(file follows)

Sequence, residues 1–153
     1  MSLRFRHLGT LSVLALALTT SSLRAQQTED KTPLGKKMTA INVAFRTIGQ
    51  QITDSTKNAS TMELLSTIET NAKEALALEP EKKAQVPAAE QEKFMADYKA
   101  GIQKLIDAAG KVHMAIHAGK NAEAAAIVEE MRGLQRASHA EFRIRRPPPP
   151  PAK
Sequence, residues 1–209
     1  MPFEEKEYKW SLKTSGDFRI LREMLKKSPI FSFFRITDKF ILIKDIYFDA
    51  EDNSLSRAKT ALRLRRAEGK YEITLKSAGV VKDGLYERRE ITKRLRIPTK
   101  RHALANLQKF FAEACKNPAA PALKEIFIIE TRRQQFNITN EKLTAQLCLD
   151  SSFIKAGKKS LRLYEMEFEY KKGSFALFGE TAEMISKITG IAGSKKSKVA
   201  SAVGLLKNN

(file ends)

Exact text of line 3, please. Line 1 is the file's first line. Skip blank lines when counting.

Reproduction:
    51  QITDSTKNAS TMELLSTIET NAKEALALEP EKKAQVPAAE QEKFMADYKA